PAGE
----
Norilsk Nickel, one of Russia's…
Germany’s recent plan to ban…
The Saudi-led coalition conducted air strikes on Yemen’s capital Sanaa on Thursday, targeting bases of the Iran-aligned Houthis after the Houthis claimed responsibility for the drone attacks on an oil pipeline in Saudi Arabia earlier this week.
Saudi Arabia and Iran are essentially fighting a proxy war in Yemen, where the Saudis lead a military Arab coalition to “restore legitimacy” in the country, while the Houthi movement, which holds the capital Sanaa, is backed by Iran.
Two pumping stations along Aramco’s East-West oil pipeline in Saudi Arabia were attacked by explosive-laden drones in the early morning local time on Tuesday, the official Saudi Press Agency (SPA) reported, citing Saudi Energy Minister Khalid al-Falih, who described the attack as one of “terrorism and sabotage.”
“These attacks prove again that it is important for us to face terrorist entities, including the Houthi militias in Yemen that are backed by Iran,” al-Falih said on Tuesday.
This statement came out hours after Houthi-owned TV Almasirah reported that “7 Drones have targeted vital Saudi facilities.”
Reports of the drone attack on Saudi Aramco’s oil infrastructure came a day after Saudi Arabia said that two of its oil tankers were attacked by saboteurs near the United Arab Emirates (UAE), while the UAE said that a total four vessels were attacked off its coast at the port of Fujairah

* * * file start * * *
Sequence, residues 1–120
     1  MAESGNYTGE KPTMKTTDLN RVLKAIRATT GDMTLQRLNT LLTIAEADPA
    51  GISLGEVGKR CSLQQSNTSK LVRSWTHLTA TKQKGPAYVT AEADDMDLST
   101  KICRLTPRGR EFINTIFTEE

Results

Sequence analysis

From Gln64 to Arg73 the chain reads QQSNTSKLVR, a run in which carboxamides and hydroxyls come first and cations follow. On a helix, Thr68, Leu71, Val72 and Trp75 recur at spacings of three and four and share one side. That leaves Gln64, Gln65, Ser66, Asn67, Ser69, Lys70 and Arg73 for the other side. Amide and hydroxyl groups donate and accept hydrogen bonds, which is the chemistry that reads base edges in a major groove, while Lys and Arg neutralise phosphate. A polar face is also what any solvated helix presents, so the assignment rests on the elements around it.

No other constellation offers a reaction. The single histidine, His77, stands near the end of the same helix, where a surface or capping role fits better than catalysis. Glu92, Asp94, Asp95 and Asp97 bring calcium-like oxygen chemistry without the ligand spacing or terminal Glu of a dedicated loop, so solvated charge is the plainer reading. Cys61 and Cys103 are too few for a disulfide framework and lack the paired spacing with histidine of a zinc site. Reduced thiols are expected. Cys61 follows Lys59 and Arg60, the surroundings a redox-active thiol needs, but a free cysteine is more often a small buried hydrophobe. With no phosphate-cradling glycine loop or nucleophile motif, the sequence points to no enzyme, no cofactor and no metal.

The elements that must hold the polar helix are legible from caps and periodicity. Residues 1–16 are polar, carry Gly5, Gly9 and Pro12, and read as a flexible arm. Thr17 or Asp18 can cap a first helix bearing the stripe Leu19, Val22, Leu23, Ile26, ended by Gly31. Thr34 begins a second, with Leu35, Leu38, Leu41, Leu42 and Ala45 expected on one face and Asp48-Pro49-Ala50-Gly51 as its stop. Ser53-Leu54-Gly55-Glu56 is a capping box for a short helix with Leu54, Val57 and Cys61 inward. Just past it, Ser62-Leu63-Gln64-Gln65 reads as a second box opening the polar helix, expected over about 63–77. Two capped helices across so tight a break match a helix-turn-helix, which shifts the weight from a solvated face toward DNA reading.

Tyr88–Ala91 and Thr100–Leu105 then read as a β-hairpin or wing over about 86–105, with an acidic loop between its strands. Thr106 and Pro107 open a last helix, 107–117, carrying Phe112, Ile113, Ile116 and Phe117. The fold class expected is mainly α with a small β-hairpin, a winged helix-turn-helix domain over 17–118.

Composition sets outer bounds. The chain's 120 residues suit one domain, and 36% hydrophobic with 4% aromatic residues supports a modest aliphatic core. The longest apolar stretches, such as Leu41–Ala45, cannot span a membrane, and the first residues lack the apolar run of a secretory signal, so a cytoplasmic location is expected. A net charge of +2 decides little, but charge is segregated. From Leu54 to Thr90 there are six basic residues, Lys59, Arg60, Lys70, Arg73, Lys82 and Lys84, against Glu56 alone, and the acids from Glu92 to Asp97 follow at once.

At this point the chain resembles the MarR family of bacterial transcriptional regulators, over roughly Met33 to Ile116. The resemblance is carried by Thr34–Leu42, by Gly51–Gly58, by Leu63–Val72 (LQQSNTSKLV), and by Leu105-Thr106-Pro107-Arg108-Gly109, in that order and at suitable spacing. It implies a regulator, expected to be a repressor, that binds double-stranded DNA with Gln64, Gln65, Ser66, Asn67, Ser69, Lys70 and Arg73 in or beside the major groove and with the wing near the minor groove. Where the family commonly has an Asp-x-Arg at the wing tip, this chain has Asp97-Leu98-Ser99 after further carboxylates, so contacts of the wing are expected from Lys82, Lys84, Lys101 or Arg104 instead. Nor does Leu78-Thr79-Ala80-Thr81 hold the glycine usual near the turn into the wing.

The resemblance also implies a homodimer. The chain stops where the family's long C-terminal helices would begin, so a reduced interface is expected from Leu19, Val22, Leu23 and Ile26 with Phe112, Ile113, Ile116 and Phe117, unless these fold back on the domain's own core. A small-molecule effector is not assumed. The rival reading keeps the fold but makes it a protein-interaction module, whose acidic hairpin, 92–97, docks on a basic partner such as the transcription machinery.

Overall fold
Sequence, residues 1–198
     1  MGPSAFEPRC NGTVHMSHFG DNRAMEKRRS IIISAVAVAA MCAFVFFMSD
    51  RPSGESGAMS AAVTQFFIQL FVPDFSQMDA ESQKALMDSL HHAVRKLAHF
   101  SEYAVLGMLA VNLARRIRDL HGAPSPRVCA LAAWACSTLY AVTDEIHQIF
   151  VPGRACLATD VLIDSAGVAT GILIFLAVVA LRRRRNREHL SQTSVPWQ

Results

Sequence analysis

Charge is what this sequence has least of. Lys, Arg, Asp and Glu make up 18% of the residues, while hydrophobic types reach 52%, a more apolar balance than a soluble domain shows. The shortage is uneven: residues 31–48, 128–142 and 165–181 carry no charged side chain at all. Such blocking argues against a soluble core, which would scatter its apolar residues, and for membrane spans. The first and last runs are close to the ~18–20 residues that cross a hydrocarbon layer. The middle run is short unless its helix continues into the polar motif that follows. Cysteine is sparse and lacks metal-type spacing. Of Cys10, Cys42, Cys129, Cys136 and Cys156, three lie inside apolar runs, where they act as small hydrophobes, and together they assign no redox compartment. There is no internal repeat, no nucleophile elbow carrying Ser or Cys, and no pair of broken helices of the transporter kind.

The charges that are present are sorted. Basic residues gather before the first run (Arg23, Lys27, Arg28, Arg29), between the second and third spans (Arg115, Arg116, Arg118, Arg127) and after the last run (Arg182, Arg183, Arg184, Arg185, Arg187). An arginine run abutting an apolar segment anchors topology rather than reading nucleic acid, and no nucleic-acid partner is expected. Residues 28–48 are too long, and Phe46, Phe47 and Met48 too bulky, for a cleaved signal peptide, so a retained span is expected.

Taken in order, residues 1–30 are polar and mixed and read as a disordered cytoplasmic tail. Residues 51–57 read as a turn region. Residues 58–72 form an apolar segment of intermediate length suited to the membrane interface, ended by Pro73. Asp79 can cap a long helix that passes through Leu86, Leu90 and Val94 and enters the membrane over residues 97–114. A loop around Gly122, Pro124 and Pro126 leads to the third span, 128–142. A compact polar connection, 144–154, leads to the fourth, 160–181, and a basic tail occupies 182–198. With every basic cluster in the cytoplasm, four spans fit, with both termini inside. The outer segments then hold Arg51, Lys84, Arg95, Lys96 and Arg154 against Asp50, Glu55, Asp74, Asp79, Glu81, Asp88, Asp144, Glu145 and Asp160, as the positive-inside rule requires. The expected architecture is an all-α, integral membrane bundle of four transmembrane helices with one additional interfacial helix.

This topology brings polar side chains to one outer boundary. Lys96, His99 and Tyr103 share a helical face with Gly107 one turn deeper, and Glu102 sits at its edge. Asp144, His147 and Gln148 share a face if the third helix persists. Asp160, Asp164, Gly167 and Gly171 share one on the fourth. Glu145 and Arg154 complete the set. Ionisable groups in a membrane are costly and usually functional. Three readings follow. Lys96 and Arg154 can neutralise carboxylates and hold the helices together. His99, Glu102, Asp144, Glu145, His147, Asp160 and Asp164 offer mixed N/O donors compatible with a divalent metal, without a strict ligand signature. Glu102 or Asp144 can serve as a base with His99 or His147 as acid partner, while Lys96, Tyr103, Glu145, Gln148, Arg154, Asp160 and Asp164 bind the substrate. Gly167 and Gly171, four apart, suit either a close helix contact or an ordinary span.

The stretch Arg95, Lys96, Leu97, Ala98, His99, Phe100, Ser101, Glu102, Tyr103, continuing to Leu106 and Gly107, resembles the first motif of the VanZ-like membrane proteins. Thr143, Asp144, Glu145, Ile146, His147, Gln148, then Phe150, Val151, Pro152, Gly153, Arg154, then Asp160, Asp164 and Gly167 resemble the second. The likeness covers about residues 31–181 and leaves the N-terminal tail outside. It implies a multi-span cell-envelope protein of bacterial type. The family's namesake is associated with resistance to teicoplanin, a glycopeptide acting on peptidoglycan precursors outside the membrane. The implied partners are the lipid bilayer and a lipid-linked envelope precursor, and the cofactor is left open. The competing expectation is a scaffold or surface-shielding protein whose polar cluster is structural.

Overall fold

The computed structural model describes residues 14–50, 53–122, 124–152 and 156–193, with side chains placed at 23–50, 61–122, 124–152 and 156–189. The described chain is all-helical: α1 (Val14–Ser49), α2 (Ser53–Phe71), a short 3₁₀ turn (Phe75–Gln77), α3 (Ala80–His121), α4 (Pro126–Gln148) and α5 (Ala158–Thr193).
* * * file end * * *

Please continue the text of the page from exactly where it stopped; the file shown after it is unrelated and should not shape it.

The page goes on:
According to the Houthi-owned Almasirah news outlet, Thursday’s air strikes on Sanaa killed six people, including four children, and wounded 52 others.
Related: Why Oil Stock Dividends Are Soaring This Year
The Saudi Press Agency said that the Saudi-led coalition carried out “air operations on a number of legitimate military targets; which military intelligence confirmed are military bases and facilities used by the Iranian-backed Houthi militias for weapons and ammunition storage.”
“The Coalition stressed that the attacks by the Iranian-backed terrorist Houthi militias on vital facilities in the Kingdom are a violation of International Humanitarian Law and its customs, and amount to war crimes,” the Saudi agency reports.
On Thursday, Saudi Vice Minister of Defense, Khalid bin Salman, said on Twitter:
“The attack by the Iranian-backed Houthi militias against the two Aramco pumping stations proves that these militias are merely a tool that Iran's regime uses to implement its expansionist agenda in the region, and not to protect the people of Yemen as the Houthis falsely claim.”
By Tsvetana Paraskova for Oilprice.com
More Top Reads From Oilprice.com:
Tsvetana is a writer for Oilprice.com with over a decade of experience writing for news outlets such as iNVEZZ and SeeNews.